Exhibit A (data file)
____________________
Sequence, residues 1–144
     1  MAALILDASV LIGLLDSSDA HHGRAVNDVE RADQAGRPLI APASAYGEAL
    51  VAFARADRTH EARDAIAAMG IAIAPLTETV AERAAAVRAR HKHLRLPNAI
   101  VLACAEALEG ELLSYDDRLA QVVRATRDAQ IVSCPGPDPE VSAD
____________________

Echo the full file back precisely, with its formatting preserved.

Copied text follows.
Sequence, residues 1–144
     1  MAALILDASV LIGLLDSSDA HHGRAVNDVE RADQAGRPLI APASAYGEAL
    51  VAFARADRTH EARDAIAAMG IAIAPLTETV AERAAAVRAR HKHLRLPNAI
   101  VLACAEALEG ELLSYDDRLA QVVRATRDAQ IVSCPGPDPE VSAD